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Pride and Prejudice and Zombies: Dawn of the Dreadfuls

Pride and Prejudice and Zombies: Dawn of the Dreadfuls

Quirk Books

By Steve Hockensmith

Journey Back to Regency England—Land of the Undead!

Readers will witness the birth of a heroine in Dawn of the Dreadfulsa thrilling prequel set four years before the horrific events of Pride and Prejudice and Zombies. As our story opens, the Bennet sisters are enjoying a peaceful life in the English country side. They idle away the days reading, gardening, and daydreaming about future husbandsuntil a funeral at the local parish goes strangely and horribly awry.

Suddenly corpses are springing from the soft earthand only one family can stop them. As the bodies pile up, we watch Elizabeth Bennet evolve from a naive young teenager into a savage slayer of the undead. Along the way, two men vie for her affections: Master Hawksworth is a powerful warrior who trains her to kill, while thoughtful Dr. Keckilpenny seeks to conquer the walking dead using science instead of strength. Will either man win the prize of Elizabeth's heart? Or will their hearts be feasted upon by hordes of marauding zombies? Complete with romance, action, comedy, and an army of shambling corpses, Pride and Prejudice and Zombies: Dawn of the Dreadfuls will have Jane Austen rolling in her graveand just might inspire her to crawl out of it!

More Details

Size: 5-1/4 x 8 in;
Pages: 288 pp;
15 illustrations
Format: Paperback
Publication: March 2010
ISBN: 9781594744549
ISBN10: 1594744548
Steve Hockensmith is an award-winning novelist and reporter. His debut mystery, Holmes on the Range, was a finalist for the Edgar, Shamus, and Anthony awards. Critics have hailed the novel and its sequels as "hilarious" (Entertainment Weekly), "dazzling" (The Boston Globe), "clever" (The New York Times), "uproarious" (Publisher's Weekly), "wonderfully entertaining" (Booklist), and "quirky and original" (The Pittsburgh Post-Gazette). He lives in Alameda, California, with his wife and two children.

Media Reviews

Pride and Prejudice and Zombies: Dawn of the Dreadfuls

Edgar winner Hockensmith turns to zombie lit in this prequel to Pride and Prejudice and Zombies (2009). Ever wondered how the Bennett sisters got to be such great zombie killers? Hockensmith explains all in the story of the return of the zombie plague and Mr. Bennett\\\'s secret history. When a neighbor rises up out of his coffin in the middle of a funeral, Mr. Bennett shrugs off the lifestyle of a Regency England gentleman and returns to his old calling as a warrior dedicated to eradicating the Unmentionables. Turning the greenhouse into a dojo, he trains all five Bennett girls, with the help of fellow warrior Master Hawksworth, to take up his questójust in time, too, as a deadly incursion is under way. Hockensmith does not abandon Austen\\\'s original characters. Mrs. Bennett is the most true to the original, and even silly Kitty and Lydia are the same, only they fight instead of fuss over men. Elizabeth, from whose point of view significant elements of the story are told, is the most fully developed, and while she departs a little from the original, it\\\'s not so far as to make Austen fans cringe (given that theyíre OK with zombies, of course). This is a must-read for the growing legion of alternate-Austen fans (including, naturally, everyone who has read Pride and Prejudice and Zombies).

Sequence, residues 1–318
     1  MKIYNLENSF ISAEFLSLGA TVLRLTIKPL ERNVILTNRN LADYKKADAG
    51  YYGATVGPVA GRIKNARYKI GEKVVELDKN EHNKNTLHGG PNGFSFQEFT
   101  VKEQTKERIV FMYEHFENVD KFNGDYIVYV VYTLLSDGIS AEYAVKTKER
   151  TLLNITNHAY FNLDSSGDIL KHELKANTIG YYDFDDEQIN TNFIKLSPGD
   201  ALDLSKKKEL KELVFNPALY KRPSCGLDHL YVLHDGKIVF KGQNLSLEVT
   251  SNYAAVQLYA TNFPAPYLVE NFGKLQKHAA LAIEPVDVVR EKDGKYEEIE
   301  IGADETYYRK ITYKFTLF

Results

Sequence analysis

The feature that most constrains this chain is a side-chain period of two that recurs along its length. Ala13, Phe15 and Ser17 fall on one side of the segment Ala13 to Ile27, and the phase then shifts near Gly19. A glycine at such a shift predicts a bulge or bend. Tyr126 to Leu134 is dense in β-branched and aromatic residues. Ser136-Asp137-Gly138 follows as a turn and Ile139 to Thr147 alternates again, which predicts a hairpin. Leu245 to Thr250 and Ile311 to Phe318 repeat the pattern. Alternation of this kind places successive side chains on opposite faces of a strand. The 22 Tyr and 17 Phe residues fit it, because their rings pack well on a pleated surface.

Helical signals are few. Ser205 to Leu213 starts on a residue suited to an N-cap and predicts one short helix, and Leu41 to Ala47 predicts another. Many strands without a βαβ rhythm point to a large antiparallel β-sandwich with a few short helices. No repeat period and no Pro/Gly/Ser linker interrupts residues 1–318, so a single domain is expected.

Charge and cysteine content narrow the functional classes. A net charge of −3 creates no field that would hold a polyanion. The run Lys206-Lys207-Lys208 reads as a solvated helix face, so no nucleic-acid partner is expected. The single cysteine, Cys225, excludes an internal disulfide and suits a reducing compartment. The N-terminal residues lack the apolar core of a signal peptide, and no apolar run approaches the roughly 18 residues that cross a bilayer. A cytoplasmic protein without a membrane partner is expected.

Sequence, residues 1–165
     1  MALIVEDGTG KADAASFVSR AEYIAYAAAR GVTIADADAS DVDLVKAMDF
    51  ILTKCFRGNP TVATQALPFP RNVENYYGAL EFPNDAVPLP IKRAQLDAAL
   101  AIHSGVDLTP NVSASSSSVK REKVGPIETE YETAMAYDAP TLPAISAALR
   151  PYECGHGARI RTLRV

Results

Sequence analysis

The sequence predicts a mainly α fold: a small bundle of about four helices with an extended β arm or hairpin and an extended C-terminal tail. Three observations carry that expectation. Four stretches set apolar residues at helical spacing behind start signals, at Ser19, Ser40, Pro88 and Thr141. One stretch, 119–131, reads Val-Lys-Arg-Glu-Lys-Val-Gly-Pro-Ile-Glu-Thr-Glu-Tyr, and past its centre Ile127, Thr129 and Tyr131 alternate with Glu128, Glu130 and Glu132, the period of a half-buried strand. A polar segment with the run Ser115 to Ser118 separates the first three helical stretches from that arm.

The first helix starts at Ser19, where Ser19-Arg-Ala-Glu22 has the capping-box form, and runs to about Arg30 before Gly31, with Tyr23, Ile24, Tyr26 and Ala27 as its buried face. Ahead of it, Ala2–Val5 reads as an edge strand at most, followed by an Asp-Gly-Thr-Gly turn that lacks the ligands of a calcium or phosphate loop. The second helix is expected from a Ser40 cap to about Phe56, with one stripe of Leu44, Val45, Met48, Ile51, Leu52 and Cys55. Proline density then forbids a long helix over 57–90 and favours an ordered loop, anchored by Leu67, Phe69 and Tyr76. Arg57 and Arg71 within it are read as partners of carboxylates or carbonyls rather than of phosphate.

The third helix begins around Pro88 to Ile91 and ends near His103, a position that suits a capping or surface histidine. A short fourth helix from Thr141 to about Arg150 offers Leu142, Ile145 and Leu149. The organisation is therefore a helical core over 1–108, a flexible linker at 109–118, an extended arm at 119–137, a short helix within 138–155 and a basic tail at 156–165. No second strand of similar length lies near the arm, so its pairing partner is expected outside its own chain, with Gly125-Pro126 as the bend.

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Pride and Prejudice and Zombies: Dawn of the Dreadfuls

Dawn of the Dreadfuls is the prequel to Pride & Prejudice & Zombies, but it is also... not. Yes, it is set in the world of Jane Austen\'s novel, prior to the events of P&P&Z. Yes, we see how the Bennett girls become ass-kicking, katana-wielding warriors, and the rise of the zombies that plague them. But other than that, DotD is an entirely different type of book than P&P&Z, so even if you didn\'t love the original (I did, of course) DotD is worth checking out. First of all, it\'s an entirely new story written by Steve Hockensmith, so there\'s no mashing up of classic literature; it\'s a far more straightforward tale and without Austen\'s 19th century prose to deal with. It\'s also far less silly than P&P&Z, although it still has the Bennett girls training in their father\'s dojo and ninjas and zombie attacks and such. But DotD is a more traditional zombie tale as the first Dreadful in years rises at a local funeral, and while everyone else tries to ignore the warnings, Mr. Bennett sees that England is due for another zombie uprising and begins preparing accordingly -- mainly by training his five daughters to be awesome zombie killers. Society looks down on the Bennett girls for their warrior ways, there\'s new love interests for both Elizabeth and Jane, and there\'s a few actual mysteries -- rather dark ones, actually -- to be solved along the way.Speaking of, DotD is far darker than the original, and not only because the Bennett girls don\'t begin as awesome zombies killers, nor because the town refuses to believe the zombie menace is back (although it\'s nice that they all still know what zombies are, so there\'s no dilly-dallying about how to destroy them). So it\'s more traditional in that way as well. But because of this utterly different tone -- and because P&P&Z was such a stand-alone book -- DotD is technically inconsequential. It doesn\'t shed new light on P&P&Z, and it\'s not more of the same. But it\'s still a fun zombie story, and whether you loved the original or if its literary aspects turned you off, there\'s no reason why you shouldn\'t give Dawn of the Dreadfuls a try.

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